And when you read some foolishness about the Pope, you have two possible courses of action, it seems to me. You could go read what the man actually said (the two links above took me exactly 20 seconds to find, by the way - it's not like it's hard to track down the straight story). And think about it. And put it in the context of, oh I don't know, EVERYTHING ELSE THE MAN HAS EVER SAID IN HIS LONG LIFE. All of which has been totally and utterly Catholic. That's one thing you can do.
Pope praises big families after breeding 'like rabbits' remark made headlines
Seriously, what did you expect? That he doesn't like big families? The meltdown orthodox Catholics have every time the pope says something is annoying. The Pope is Catholic. End of story.
It’s all about the presentation… Ottawa Against Abortion raises a salient point:
Why, then, does so much pro-life media seem full of cheese?
I’m thinking of something more along the lines of this talking-fetus song from a right-wing pop band. What about that sappy letter from the point of view of a preborn child? In online comments and videos like this, he describes the first few weeks of his development to his mom before his life is taken by a medical professional who claims that his death is the antidote to her fears. (Somehow, he documents that, too.)I know nobody believes that preborn children really have the ability to think just as an adult does (or an adult putting her words into a child’s mouth…*shudder*). Nor do I know anyone who honestly believes pro-life people think this way. Still, why has there been a lack of understanding in regards to what our culture values and pays attention to?...
I’ll grant that appeals to God and sheer cuteness may work for some. It may be hard – frustrating, even – for us to be patient with people who do not seem to value every human person the way we do. I can understand the temptation to take shortcuts, of which there are many. Yet I wonder why some pro-life advocates rely on reasoning that many outside our community find incomprehensible or just plain weird. Why do we risk alienating potential supporters and making rash assumptions about the beliefs we share (or don’t)?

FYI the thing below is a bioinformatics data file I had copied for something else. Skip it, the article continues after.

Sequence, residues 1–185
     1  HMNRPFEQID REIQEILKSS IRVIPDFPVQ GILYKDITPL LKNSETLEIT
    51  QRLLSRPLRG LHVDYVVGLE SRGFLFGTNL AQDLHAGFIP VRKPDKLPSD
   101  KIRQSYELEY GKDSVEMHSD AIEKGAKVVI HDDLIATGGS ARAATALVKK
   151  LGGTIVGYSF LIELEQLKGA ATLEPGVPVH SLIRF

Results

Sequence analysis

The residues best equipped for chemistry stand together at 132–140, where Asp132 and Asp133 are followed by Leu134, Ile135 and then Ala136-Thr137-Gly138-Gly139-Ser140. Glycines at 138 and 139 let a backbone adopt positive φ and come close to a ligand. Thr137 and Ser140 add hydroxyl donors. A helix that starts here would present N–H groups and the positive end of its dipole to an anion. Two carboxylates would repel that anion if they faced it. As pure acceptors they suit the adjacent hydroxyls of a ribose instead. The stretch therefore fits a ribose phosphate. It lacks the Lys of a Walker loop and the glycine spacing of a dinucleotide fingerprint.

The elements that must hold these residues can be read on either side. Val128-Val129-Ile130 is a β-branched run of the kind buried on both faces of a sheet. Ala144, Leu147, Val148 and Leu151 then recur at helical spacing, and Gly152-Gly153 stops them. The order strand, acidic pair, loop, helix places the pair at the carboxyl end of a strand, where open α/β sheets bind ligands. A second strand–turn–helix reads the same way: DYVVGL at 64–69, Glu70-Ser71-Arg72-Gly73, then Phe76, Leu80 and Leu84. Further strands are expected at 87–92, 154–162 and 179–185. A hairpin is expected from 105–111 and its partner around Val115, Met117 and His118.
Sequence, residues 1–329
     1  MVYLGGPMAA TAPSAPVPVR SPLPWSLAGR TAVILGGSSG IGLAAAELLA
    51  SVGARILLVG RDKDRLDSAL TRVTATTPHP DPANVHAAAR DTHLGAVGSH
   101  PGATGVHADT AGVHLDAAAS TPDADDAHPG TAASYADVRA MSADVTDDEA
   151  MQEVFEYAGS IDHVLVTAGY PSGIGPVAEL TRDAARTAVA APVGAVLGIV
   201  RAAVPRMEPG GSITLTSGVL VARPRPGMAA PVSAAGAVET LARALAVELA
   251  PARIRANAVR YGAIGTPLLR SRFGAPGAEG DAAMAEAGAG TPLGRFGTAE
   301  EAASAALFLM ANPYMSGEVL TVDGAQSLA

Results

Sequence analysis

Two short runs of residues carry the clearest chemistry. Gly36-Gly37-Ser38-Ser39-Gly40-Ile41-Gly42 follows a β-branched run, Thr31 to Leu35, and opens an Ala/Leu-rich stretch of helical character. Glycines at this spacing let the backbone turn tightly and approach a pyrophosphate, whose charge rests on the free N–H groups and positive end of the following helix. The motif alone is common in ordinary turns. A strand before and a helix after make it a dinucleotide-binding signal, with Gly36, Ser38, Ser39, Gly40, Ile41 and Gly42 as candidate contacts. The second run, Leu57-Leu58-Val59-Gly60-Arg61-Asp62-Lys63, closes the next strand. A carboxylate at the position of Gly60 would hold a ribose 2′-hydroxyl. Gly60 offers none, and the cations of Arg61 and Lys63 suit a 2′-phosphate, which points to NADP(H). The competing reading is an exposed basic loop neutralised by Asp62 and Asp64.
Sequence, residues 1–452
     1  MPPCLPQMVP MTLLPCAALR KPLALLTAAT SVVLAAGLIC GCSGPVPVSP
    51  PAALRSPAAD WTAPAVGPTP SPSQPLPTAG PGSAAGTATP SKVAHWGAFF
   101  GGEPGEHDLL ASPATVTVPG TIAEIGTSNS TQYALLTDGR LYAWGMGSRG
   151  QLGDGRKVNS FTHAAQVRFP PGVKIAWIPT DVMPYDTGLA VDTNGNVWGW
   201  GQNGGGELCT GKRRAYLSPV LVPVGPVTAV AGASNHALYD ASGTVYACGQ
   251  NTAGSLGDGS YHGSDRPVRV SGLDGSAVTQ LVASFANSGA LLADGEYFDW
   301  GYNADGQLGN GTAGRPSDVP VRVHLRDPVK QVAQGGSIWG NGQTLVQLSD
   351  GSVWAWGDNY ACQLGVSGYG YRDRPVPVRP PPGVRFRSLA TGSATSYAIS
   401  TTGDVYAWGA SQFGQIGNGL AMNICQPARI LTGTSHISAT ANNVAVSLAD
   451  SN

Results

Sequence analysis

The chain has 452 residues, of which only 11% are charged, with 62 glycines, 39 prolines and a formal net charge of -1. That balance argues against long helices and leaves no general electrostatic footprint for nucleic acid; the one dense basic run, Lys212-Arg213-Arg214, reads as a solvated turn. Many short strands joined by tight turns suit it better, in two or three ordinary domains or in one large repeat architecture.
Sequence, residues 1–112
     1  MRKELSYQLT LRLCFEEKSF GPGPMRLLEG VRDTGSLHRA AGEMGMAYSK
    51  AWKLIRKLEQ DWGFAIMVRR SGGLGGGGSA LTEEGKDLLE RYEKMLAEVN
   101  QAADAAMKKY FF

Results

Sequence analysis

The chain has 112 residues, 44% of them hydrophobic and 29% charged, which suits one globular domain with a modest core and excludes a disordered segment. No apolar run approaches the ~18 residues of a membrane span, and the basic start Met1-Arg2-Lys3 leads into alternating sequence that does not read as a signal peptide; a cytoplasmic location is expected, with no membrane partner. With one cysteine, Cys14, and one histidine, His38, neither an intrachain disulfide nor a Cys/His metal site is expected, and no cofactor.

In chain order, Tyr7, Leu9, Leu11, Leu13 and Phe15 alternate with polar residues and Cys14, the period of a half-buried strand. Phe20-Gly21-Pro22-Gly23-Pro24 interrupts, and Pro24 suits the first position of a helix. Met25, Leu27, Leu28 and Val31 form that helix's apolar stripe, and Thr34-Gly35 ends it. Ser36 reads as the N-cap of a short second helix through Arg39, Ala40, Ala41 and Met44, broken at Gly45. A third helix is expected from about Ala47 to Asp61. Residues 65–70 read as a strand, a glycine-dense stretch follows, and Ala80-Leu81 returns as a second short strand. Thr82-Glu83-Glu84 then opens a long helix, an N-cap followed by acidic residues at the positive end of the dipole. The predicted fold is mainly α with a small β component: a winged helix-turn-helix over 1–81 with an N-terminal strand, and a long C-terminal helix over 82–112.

I'm going to offer a partial answer to that.
It's because it worked for them. The plastic fetus doll did it for me! So why not?
I proposed on my facebook status that every pro-life sign over 5 years old should be destroyed, and new ones made with new images, slogans and material.
It got quite a few "likes".
I think many pro-lifers unconsciously understand the importance.
One of the weaknesses of the pro-life movement is that we rely on old material, old tactics, old-- everything. This is one of our "shortcuts". People still quote pro-life pamphlets from 1971 on the risk of rape and conception (as if newer research has spoken on the matter). But these memes get transmitted decade after decade without anyone bothering to update the issue.
We quote Jennifer O'Neil and Patricia Heaton as pro-life celebs, except that I can't remember the last time Jennifer O'Neil was in anything and I don't know if Patricia Heaton has been in anything since Everybody Loves Raymond.
If pro-lifers want to be relevant, they have to be a bit more up-to-date and culturally in-tune. I'm probably the worst one to advise being culturally in-tune (physician, heal thyself!) At least don't try to pass off B-listers from the 1980s as pro-life celebs. If we look irrelevant, we'll be treated as such.